This article is from
Creation 17(4):52, September 1995

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Editor’s note: As Creation magazine has been continuously published since 1978, we are publishing some of the articles from the archives for historical interest, such as this. For teaching and sharing purposes, readers are advised to supplement these historic articles with more up-to-date ones available by searching creation.com.

Rubik’s cubes and blind men


Remember that infuriating, yet fascinating, contraption, the Rubik’s cube?

If you do, you’ll remember how extraordinarily difficult it was to get the right solution, even applying all one’s intelligence.

Now imagine a blind man, randomly scrambling a Rubik’s cube. How likely is it for him to get the right solution, by chance alone?

Ridiculous, you would say—but not totally impossible.

Now say you have two blind men scrambling a cube each. What is the chance that they both hit upon the right solution, by chance, at the same time? Impossible?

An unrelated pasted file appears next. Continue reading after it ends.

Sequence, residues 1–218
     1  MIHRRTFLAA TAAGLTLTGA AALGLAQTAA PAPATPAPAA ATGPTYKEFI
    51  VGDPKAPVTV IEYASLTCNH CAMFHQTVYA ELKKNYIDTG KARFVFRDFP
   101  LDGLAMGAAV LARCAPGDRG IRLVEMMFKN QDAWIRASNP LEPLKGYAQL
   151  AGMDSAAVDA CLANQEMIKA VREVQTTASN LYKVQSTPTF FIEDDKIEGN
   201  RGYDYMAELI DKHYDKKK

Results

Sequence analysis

British scientist Sir Fred Hoyle was for many years the director of Cambridge University’s Institute of Astronomy.1 He calculated the odds against a simple functioning protein molecule originating by chance in some primordial soup as being the same as if you filled the whole solar system shoulder-to-shoulder with blind men and their Rubik’s cubes, then expected them all to get the right solution at the same time.

Remember, children are being taught that not only such a non-living molecule, but all the other complicated machinery needed to make a living thing, arose by chance once upon a time.

Sir Fred Hoyle once believed this story, but now says it is ‘nonsense of a high order’.

What then takes more faith—to believe in the Bible’s account of supernatural, intelligent creation, or to believe that life evolved, which is a way of trying to do away with the need for God?

(Source: Fred Hoyle, The Big Bang in Astronomy, New Scientist 92(1280):527, 1981.)


  1. Our original magazine article incorrectly stated that he had won the Nobel Prize. In fact, William Fowler, his co-worker on the same discovery (to do with nucleosynthesis), was a Nobel recipient, but it is widely believed that Hoyle was deliberately overlooked. Fowler himself willingly acknowledged Hoyle’s pioneering role in the very area in question. Some think the snubbing of Hoyle was due to his alleged ‘rudeness’ or perhaps because he began to see (and write about) evidence for a ‘guiding intelligence’ of some sort in the data he uncovered (concerning fine-tuning of the properties of the cosmos). Return to text.